A stick blade-type face hobbing system used for completing operations. In the face hobbing process, the cutting action causes the blades to cut on both the pressure angle side and the top portion of the clearance side. Because of the negative rake on the clearance side of a conventional blade, excessive tool wear is produced.

The TRI-AC® System solves this problem with a patented rake angle modification on the front face of the blade. This modification produces a positive hook of front rake on the top portion of the clearance side, thus eliminating the need for a bottom cutting blade.

The continuous indexing method requires a second rotational coupling (electronic gear box) between the cutter head rotation and the workpiece rotation. For this reason the method is also called a three-axes process. This is where the name TRI-AC is derived.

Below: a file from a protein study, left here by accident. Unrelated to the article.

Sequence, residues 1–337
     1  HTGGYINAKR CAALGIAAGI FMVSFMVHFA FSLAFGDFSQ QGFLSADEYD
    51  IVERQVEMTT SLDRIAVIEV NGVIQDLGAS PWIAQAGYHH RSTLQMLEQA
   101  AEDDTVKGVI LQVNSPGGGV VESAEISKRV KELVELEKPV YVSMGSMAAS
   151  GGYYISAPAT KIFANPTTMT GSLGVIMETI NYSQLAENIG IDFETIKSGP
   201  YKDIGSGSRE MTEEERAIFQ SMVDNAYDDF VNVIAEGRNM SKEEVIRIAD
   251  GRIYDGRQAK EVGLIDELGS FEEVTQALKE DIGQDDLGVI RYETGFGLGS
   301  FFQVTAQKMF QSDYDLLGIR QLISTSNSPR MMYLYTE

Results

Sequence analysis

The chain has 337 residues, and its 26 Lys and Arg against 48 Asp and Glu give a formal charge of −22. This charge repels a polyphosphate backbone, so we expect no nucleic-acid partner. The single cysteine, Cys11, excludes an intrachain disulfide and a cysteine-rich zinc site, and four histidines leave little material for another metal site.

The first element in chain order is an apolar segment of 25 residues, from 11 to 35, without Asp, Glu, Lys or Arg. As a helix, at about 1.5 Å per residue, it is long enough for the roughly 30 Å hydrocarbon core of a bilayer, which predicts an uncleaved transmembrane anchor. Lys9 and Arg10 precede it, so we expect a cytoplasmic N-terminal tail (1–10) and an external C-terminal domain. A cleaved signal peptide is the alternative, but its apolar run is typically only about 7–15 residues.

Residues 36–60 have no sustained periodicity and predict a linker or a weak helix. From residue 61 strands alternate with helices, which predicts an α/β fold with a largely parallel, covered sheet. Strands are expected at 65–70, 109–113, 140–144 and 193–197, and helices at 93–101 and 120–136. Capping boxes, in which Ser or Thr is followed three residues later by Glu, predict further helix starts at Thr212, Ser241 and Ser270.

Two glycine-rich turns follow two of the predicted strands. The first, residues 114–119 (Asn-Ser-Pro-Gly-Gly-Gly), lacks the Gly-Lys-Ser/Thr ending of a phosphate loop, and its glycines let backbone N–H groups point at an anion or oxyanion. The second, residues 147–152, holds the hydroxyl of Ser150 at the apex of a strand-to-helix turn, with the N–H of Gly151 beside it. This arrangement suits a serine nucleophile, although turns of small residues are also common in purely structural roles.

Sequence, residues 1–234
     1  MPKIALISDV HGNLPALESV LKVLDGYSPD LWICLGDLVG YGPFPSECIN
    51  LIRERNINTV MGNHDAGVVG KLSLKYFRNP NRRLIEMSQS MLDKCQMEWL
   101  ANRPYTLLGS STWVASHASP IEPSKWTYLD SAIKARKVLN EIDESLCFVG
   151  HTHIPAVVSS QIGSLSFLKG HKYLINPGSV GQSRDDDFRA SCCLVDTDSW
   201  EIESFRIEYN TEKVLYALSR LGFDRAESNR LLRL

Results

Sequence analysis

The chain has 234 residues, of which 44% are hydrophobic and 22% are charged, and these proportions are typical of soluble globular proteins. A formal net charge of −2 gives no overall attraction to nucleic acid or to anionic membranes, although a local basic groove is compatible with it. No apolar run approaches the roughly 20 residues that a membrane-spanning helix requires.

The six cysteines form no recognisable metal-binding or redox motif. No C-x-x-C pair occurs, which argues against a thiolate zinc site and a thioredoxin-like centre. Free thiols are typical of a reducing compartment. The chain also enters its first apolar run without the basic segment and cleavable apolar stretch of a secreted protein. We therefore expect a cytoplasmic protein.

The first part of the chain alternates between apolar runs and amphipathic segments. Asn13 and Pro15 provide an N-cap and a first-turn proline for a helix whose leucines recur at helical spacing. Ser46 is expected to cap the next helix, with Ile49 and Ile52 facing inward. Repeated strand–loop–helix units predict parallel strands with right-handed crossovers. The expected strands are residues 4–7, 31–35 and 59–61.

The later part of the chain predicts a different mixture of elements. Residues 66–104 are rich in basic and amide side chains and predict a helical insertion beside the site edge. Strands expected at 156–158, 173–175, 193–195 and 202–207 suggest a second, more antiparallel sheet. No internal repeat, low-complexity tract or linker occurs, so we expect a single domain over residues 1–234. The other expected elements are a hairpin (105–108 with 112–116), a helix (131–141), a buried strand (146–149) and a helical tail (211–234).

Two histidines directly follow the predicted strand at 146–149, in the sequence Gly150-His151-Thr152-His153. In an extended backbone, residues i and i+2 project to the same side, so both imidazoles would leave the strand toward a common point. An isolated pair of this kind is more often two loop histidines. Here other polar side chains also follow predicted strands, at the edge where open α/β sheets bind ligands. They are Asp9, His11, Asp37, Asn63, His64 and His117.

Each blade group of a TRI-AC cutterhead has only two blades, one outer blade and one inner blade. While one blade group passes through a slot, the work gear rotates in the counter direction of the cutter. This relative motion produces an epicycloidal function along the face width of the work gear. After the blade group leaves the slot, the next blade group enters the next slot. The ratio between the cutter head and the gear must be the number of the teeth of the work divided by the number of starts (Blade groups) of the cutter head. In the generation process the roll motion is used as cutting feed. This roll is very slow compared with the face milling process.

Since face hobbing cuts tooth after tooth immediately in about the same roll position, the roll motion can be slower (by the number of teeth of the work gear) and still have about the same cutting time as face milling. Of course the Gleason face hobbing is based on a uniform tooth depth. This simplifies the design calculation dramatically.

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